Home 5 Diagnostic Testing and Emerging Technologies 5 New EMSO Guidelines Address Efficacy of Next Generation Sequencing for Different Cancer Types

New EMSO Guidelines Address Efficacy of Next Generation Sequencing for Different Cancer Types

by | Nov 2, 2020

The European Society for Medical Oncology (ESMO) recently issued guidelines on use of next-generation sequencing (NGS) for various types of cancer as part of routine clinical practice. The guidelines also address whether broad-based NGS should replace small panels designed to test a single gene or a group of genes. The ESMO guidelines are the first […]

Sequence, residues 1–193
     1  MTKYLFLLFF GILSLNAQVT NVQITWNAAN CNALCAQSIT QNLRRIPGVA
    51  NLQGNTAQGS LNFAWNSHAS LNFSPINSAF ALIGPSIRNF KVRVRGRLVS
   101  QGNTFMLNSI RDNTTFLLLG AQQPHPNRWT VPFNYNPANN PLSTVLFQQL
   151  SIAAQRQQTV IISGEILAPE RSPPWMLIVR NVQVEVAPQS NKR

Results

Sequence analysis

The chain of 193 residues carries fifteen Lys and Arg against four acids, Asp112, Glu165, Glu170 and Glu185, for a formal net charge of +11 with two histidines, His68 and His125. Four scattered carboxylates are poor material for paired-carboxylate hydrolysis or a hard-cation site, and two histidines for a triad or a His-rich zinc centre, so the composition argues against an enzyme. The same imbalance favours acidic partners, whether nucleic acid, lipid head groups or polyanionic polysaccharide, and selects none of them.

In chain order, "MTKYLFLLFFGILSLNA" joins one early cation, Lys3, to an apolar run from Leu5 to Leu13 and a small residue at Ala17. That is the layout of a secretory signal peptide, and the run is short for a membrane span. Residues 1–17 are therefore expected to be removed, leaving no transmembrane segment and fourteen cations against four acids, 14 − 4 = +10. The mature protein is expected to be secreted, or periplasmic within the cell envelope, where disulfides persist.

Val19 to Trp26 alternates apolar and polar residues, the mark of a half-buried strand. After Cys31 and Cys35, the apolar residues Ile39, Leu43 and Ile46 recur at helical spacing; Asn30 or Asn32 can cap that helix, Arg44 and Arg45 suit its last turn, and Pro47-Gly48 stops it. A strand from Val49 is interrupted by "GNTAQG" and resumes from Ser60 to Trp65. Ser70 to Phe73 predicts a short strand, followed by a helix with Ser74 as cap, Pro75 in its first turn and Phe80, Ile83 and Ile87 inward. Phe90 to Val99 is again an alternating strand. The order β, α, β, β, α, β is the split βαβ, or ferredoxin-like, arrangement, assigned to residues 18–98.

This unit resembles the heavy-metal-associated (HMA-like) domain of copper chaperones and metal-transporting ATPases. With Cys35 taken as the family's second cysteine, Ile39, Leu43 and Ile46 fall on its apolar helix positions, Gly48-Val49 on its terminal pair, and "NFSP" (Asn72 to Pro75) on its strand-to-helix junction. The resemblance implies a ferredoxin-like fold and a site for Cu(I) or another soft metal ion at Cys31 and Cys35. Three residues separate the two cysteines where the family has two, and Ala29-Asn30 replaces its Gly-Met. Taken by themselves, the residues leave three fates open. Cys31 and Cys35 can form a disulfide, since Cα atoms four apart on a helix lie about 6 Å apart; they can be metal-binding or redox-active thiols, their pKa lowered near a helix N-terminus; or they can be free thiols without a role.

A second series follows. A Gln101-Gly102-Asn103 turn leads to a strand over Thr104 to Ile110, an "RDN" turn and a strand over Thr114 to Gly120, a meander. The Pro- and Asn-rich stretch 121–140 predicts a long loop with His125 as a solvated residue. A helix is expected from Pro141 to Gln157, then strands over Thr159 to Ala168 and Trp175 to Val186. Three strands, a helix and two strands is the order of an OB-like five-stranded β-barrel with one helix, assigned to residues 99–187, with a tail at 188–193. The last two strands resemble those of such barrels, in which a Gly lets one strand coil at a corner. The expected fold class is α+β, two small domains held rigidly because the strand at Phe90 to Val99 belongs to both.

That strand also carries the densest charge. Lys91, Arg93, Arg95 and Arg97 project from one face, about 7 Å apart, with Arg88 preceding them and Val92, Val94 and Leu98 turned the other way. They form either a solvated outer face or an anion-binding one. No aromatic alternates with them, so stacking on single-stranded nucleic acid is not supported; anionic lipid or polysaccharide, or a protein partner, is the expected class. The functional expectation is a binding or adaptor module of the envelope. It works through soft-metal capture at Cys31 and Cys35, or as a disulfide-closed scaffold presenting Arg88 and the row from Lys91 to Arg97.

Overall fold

The European Society for Medical Oncology (ESMO) recently issued guidelines on use of next-generation sequencing (NGS) for various types of cancer as part of routine clinical practice. The guidelines also address whether broad-based NGS should replace small panels designed to test a single gene or a group of genes. The ESMO guidelines are the first recommendations from a scientific society on the use of NGS. Their objective is to “unify decision-making about how NGS should be used for patients with metastatic cancer.” The Diagnostic Challenge NGS is a high throughput technique that uses DNA sequencing technologies capable of deciphering multiple nucleotide sequences at the same time. NGS is used for cancer treatment and its effectiveness depends in large part on tumor type and the efficacy and availability of targeted drugs. Routine Use of NGS by Cancer Type The new guidelines, published in Annals of Oncology, address the eight cancers responsible for the most deaths worldwide as well as additional cancers for which routine NGS may be justified based on the ESMO Scale for Clinical Actionability of molecular Targets (ESCAT), which ranks molecular targets and their respective treatments on four levels. The authors also considered cost-effectiveness research regarding the use of multigene sequencing. For advanced, non-squamous NSCLC, the guidelines recommend routine use of RNA- or DNA-based NGS to detect mutations and fusions with ESCAT level I matches. Broad-based NGS could also be used routinely to detect alterations with lower than level I matches, but only when specific agreements are made with payors to consider the cost of testing versus small panels. For metastatic breast cancer, the guidelines say there is “currently no need to perform tumor multigene NGS in the context of daily practice.” Somatic testing cannot fully substitute germline testing for actionable BRCA mutations, they explained, and actionable PIK3CA mutations can be tested with polymerase chain reaction (PCR)-based assays instead. For metastatic colorectal cancer, the guidelines say that PCR and IHC can be used to detect level I mutations in KRAS, NRAS, and BRAF for which targeted treatments have demonstrated efficacy to highlight why routine multigene NGS is not necessary. However, PCR and IHC should be used as an alternative “only if it does not generate extra cost compared to standard techniques.” For advanced prostate cancer, the recommendations support routine NGS to assess somatic BRCA mutations in countries where PARP inhibitors are accessible. In addition, where broad-based testing is used, it should also include testing for AKT inhibitors, DNA repair genes and MSI signature, but broader panels should only be used in cases where payors agree it is cost effective. For metastatic gastric cancer, pancreatic cancer and hepatocellular carcinoma, the guidelines do not recommend multigene NGS, saying that “cheap standard methods” could be used to detect MSI or NTRK fusion status, for which immune checkpoint inhibitors and TRK inhibitors, respectively, may provide benefit. For metastatic cholangiocarcinoma and ovarian cancer, routine multigene NGS is recommended based on the presence of level I ESCAT matches, as well as for cancers of unknown primary, despite the absence of level I matches. Other cancers: The guidelines also recommended NGS for TMB testing in cervical cancer, well- and moderately- differentiated neuroendocrine tumors, salivary cancers, vulvar cancers, and thyroid cancers. Beyond these tumor types, the evidence was not strong enough to justify routine TMB testing. For tumor-agnostic approvals of several TRK inhibitors for NTRK fusion-positive cancers, the authors recommended that NGS should only be used to detect NTRK fusions, which have a very low incidence, in cancers where the technology is otherwise recommended.    

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